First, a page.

Michigan drops conviction box from job, license applications
LANSING, Mich. — Gov. Rick Snyder is ordering the state to no longer ask job applicants and people seeking certain occupational licenses to check a box if they have been convicted of a felony.
Snyder, who announced the changes early today, said the box is being replaced with a statement by which applicants can affirm their good character. He encouraged private employers to also remove the checkbox, so people are not automatically disqualified or are discouraged from applying in the first place.
Snyder told The Associated Press in a phone interview Thursday that the moves are “a great opportunity to help people coming out of correctional institutions have greater success, which is a win for all of us.” He said he wants state government to be a “role model.”
The criminal history of a state job applicant can still be taken into consideration later in the hiring process but not as an initial screen. Someone’s criminal past may still be an issue if he or she is precluded by law from filling the position or if the crime is directly related to the profession for which the ex-felon is seeking employment.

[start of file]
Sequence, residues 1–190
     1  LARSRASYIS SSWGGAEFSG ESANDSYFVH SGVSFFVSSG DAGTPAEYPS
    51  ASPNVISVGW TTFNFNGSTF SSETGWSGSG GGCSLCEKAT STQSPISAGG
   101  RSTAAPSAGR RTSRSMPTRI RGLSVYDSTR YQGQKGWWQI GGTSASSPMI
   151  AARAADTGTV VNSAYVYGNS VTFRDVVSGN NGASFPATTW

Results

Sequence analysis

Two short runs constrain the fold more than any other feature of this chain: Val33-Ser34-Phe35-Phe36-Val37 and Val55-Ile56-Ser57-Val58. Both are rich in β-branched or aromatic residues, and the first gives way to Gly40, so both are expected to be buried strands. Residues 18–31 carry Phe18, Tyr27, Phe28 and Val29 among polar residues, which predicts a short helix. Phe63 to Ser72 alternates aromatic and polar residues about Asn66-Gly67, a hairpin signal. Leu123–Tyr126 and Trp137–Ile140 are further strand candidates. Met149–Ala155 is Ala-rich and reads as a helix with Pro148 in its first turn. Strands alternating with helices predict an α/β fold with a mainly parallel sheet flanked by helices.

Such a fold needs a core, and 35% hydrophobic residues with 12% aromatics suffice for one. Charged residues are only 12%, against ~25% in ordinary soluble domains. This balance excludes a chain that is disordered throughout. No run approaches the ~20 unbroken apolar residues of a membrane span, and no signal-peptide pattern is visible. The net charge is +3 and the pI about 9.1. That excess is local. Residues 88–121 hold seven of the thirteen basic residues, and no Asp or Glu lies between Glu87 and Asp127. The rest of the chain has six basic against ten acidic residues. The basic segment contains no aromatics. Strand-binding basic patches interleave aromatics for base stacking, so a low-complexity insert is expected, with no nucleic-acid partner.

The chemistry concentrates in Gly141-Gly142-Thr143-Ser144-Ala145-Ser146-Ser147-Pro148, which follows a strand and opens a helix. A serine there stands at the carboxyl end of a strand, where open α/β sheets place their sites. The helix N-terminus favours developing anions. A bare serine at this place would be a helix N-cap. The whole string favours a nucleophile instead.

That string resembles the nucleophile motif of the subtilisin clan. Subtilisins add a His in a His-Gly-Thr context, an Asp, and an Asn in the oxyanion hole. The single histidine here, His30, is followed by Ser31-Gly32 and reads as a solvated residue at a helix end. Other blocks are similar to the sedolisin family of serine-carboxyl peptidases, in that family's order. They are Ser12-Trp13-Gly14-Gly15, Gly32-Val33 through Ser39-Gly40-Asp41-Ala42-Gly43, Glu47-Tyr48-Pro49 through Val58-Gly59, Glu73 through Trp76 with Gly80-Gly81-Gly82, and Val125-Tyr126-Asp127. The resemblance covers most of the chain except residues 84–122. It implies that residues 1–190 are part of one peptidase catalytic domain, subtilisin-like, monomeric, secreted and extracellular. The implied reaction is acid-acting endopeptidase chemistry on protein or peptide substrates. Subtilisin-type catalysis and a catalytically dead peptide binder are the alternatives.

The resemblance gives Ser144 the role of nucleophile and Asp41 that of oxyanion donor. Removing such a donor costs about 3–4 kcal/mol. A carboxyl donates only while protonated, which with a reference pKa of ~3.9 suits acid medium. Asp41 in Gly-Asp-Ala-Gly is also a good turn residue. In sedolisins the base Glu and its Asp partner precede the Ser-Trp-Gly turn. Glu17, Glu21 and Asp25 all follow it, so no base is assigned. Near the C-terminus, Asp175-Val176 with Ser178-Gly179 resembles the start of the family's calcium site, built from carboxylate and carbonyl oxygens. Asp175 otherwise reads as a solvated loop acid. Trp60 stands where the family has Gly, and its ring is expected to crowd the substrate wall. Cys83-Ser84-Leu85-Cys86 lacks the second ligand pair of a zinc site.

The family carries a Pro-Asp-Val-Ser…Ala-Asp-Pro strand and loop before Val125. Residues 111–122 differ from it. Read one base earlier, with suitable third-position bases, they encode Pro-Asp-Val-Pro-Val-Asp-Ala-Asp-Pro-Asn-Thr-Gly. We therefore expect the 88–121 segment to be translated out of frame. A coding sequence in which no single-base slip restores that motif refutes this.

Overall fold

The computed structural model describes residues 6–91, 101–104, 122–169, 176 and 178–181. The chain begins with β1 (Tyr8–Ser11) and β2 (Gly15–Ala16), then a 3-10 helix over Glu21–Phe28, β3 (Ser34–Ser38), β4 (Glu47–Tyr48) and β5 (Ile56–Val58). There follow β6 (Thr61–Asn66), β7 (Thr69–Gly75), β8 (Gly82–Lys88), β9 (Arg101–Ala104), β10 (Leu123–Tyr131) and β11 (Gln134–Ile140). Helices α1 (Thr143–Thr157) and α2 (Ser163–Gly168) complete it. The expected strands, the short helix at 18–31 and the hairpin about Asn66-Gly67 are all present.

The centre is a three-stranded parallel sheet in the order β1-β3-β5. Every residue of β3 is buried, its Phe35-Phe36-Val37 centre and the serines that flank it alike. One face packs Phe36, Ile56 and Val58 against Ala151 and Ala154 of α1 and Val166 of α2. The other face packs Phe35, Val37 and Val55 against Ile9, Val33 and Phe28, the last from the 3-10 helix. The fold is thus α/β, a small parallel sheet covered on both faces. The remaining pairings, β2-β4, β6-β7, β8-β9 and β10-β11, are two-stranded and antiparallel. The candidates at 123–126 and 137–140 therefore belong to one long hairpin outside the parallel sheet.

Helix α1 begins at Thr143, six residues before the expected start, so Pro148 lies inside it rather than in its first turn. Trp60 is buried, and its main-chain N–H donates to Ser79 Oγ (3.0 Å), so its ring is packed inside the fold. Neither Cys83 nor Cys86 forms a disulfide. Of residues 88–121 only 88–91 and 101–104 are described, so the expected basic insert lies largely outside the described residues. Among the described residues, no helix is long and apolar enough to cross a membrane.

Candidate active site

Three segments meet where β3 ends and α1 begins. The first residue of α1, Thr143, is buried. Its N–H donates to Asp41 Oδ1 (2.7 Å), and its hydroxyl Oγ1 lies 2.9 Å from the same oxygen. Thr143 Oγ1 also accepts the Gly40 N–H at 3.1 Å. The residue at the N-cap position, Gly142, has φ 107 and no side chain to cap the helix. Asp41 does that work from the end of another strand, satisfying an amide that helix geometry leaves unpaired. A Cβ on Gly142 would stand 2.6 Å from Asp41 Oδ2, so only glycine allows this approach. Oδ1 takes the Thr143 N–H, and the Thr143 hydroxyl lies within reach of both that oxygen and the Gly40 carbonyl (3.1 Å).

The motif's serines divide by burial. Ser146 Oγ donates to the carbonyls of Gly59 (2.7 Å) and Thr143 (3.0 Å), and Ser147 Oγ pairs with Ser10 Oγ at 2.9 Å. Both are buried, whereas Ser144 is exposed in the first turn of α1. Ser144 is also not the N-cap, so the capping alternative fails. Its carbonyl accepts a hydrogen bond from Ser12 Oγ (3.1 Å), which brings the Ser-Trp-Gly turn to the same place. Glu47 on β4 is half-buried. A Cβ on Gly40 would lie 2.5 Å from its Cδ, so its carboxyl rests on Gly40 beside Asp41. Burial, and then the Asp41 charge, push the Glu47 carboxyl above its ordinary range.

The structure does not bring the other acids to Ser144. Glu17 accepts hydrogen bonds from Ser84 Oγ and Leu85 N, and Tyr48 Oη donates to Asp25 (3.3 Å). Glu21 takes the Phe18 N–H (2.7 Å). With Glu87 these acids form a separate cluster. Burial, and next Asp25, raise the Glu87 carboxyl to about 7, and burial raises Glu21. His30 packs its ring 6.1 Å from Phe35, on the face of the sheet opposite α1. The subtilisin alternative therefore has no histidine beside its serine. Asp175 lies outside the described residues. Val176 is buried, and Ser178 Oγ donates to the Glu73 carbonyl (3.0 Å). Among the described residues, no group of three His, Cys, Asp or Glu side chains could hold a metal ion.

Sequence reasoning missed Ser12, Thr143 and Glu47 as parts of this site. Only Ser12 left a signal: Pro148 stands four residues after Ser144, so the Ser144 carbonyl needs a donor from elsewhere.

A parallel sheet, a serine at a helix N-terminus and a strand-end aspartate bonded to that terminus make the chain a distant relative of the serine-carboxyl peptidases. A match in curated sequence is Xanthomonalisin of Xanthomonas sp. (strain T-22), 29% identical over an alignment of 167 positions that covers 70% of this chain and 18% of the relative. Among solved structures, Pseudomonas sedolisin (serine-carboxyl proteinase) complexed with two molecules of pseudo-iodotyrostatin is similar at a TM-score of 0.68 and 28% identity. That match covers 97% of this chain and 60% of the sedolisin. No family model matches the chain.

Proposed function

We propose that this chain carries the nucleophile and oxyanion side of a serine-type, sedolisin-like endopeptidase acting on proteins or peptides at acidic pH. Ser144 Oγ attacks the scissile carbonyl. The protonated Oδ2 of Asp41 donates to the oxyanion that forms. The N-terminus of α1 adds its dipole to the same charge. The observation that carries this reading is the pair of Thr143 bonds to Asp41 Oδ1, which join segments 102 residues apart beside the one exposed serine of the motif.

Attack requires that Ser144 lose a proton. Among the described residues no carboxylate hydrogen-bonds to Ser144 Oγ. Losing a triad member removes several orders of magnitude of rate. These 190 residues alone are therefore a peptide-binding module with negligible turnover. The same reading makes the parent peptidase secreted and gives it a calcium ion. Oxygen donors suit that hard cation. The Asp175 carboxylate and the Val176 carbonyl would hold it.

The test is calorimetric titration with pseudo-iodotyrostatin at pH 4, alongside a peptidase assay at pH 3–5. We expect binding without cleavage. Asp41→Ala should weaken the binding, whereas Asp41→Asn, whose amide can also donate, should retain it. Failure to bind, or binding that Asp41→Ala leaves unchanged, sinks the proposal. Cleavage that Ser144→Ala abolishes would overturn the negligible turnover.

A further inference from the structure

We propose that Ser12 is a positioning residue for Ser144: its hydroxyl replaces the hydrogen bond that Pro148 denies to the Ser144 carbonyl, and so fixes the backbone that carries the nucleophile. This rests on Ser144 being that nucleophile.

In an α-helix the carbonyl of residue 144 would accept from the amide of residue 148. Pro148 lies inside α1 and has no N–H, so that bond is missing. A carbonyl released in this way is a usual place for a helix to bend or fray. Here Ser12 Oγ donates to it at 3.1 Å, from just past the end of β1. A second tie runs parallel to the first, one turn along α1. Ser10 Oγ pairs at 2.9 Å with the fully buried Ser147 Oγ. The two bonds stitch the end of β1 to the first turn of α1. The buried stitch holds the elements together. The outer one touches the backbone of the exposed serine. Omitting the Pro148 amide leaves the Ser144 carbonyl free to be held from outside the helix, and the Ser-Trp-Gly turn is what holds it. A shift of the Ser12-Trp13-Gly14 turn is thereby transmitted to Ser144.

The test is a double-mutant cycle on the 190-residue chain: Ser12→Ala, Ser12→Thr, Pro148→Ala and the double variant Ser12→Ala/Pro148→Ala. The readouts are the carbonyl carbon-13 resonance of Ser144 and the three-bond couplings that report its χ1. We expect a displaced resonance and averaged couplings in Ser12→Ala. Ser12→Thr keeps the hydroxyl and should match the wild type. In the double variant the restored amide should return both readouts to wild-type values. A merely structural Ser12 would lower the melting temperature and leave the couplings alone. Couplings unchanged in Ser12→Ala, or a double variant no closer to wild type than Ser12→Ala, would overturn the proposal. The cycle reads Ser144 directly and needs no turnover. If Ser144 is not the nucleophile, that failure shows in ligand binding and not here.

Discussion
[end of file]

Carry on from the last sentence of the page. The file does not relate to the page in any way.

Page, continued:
Snyder said would-be plumbers, electricians, barbers and cosmetologists are among those who will no longer be barred from getting a state license because of a past felony. Many in the medical field, however, will still see a criminal history question because of existing state or federal laws. He said he would like to review with the Legislature whether some employment prohibitions for ex-convicts in state law should be lifted.
Snyder said he would be open to “having a dialogue” with lawmakers on so-called ban-the-box bills that would prohibit all employers from including criminal history questions on their applications, but he hopes the state’s actions “will build more momentum for employers to do this on their own.” Each year, about 50,000 people are convicted of felonies in Michigan.
In March, the Republican governor signed a law to bar municipalities from regulating what employers can or cannot ask during job interviews. The bill was a pre-emptive backlash against salary history bans in other parts of the country, but it sparked criticism from some who said it would cause unintended consequences by hurting efforts to pass sensible “fair chance” policies at the local level to help offenders get jobs after their incarceration and not commit new crimes.
Snyder’s latest moves were welcomed, however, by both sides of the political spectrum.
“This is an important step in ending unfair and unnecessary practices that have excluded thousands of willing, able and motivated individuals from gaining employment and licenses,” American Civil Liberties Union of Michigan policy counsel Kimberly Buddin said in a statement.
Jarrett Skorup of the Mackinac Center for Public Policy issued a statement calling it a “positive step in the right direction for both workforce development and our criminal justice system.”